The defense of entrapment can be used when the government unfairly induces the defendant to commit a crime. The purpose of this defense is to prevent law enforcement officials from simply manufacturing crimes where they wouldn't have otherwise existed. The criminal law exists not only to protect civilians from one another, but also to protect them from unfair treatment by law enforcement officials and judiciaries.
The level of government involvement in crime can vary from the most superficial involvement to undeniable causation. For example, an undercover officer might solicit a drug dealer for drugs, or he might repeatedly and forcefully solicit someone who is not predisposed to sell him drugs until that person caves in. In the first case, the officer played a superficial role in the crime - the drug dealer was selling anyway and the officer simply exposed his usual behavior. The entrapment defense would probably not apply in this case, since the defendant was reasonably predisposed to commit the crime without the officer's involvement. In the second situation, however, the officer arguably caused the crime to be committed, when it might not have been committed otherwise. That's where the entrapment defense comes in.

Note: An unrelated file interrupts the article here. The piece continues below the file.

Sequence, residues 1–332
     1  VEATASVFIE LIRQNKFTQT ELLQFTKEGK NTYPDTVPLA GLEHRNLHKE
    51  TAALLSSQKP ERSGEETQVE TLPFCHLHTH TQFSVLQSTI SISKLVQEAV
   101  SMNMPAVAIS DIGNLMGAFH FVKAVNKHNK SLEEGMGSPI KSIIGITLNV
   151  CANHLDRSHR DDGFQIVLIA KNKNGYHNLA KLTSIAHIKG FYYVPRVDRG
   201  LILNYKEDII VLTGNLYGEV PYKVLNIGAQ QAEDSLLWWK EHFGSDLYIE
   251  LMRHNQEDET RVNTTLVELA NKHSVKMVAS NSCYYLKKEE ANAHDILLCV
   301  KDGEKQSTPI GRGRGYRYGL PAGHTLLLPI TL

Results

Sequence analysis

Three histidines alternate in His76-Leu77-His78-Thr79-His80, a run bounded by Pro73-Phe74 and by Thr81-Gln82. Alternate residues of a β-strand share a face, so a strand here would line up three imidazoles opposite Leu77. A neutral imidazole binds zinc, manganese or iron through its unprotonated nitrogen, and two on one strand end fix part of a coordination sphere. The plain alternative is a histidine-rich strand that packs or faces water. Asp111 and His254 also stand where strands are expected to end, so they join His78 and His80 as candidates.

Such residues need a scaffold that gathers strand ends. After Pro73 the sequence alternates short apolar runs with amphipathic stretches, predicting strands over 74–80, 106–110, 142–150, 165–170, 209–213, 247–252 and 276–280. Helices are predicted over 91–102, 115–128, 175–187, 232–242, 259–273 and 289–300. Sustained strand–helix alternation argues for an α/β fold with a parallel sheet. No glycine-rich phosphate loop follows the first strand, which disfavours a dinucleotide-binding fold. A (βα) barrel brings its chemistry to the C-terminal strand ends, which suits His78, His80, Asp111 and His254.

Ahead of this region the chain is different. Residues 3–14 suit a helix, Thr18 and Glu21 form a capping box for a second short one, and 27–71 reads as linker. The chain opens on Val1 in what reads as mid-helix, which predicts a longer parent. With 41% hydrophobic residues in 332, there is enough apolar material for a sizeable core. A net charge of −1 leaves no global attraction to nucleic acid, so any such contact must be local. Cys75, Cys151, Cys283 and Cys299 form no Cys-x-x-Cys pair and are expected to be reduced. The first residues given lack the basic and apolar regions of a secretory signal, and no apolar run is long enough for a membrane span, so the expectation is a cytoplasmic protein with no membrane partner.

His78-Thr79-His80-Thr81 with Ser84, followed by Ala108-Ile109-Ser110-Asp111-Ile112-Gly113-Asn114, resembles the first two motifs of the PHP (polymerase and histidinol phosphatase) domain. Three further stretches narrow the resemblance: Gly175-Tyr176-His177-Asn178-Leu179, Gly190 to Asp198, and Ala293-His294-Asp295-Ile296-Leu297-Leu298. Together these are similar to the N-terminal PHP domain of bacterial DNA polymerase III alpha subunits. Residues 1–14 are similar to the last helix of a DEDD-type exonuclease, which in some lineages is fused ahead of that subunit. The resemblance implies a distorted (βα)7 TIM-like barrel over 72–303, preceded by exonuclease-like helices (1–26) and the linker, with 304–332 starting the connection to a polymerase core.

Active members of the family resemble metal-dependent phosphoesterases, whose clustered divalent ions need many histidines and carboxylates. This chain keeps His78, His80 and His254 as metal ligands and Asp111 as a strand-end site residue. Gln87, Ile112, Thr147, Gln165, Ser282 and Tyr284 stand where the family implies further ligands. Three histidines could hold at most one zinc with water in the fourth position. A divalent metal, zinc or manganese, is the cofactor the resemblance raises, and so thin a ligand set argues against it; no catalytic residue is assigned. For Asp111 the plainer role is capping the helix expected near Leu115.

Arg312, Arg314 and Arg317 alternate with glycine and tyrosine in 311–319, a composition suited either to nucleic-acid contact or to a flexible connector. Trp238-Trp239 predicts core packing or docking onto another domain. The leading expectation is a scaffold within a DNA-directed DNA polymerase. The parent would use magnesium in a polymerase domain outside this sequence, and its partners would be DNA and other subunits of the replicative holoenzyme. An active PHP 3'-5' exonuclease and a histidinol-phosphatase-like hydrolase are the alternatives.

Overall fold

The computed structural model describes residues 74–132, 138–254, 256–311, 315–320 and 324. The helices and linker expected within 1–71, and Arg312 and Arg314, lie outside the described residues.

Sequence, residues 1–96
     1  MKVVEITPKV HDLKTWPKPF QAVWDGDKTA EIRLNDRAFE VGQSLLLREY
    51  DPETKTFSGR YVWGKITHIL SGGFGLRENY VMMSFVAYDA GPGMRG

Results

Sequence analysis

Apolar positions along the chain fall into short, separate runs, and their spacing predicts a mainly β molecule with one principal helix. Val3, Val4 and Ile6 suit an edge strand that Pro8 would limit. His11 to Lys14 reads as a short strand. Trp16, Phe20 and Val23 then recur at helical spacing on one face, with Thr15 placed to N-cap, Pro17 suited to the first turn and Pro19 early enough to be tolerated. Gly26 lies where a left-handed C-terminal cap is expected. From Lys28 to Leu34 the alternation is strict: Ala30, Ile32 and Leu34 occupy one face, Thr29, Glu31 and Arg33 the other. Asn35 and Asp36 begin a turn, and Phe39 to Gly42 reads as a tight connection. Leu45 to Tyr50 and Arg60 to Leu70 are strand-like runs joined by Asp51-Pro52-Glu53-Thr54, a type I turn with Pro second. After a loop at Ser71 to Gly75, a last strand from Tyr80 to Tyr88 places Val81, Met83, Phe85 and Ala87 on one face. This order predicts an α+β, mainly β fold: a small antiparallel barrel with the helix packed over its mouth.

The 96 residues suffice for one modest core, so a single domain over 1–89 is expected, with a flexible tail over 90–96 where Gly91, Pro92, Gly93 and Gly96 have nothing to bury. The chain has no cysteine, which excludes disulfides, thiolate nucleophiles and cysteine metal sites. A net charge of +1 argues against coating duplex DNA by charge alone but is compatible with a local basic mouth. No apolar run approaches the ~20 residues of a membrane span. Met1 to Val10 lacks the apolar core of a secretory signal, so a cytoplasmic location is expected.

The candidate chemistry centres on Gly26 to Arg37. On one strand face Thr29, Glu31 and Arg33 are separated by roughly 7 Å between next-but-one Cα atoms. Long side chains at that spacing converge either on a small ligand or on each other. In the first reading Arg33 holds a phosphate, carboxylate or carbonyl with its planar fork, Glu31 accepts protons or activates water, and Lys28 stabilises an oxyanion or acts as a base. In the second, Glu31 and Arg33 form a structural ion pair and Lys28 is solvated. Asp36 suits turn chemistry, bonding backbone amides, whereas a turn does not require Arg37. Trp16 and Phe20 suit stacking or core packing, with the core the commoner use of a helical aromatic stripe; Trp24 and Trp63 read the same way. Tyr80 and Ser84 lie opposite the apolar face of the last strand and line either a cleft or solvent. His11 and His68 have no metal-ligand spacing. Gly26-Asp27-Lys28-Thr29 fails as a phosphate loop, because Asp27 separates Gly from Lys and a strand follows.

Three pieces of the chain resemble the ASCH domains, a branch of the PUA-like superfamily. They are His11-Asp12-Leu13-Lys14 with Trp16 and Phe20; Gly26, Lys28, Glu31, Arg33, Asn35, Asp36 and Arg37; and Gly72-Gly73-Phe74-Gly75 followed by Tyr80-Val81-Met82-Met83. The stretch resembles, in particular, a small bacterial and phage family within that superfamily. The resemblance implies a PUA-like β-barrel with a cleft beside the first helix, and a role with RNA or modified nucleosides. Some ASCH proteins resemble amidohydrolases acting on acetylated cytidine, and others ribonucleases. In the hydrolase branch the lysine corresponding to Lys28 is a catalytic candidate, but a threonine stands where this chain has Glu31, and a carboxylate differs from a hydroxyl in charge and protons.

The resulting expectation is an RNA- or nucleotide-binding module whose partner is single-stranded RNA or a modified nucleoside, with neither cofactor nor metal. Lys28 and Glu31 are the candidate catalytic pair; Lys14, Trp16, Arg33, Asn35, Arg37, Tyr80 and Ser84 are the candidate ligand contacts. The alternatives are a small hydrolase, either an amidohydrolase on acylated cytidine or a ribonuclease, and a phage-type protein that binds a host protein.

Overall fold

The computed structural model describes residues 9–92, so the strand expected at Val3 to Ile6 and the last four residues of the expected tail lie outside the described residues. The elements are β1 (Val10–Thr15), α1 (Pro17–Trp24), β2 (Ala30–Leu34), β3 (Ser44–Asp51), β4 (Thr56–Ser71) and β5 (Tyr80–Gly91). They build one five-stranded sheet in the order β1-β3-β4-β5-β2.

It could be argued that entrapment should apply to any crime that is induced by government activity or, on the contrary, that no crime is defensible by the entrapment defense since the defendant did, in fact, commit the crime in question. In reality, the criminal law walks a middle line on this issue, preferring to judge whether entrapment is applicable based on whether a trap has been laid for the unwary innocent, or a trap laid for the unwary criminal.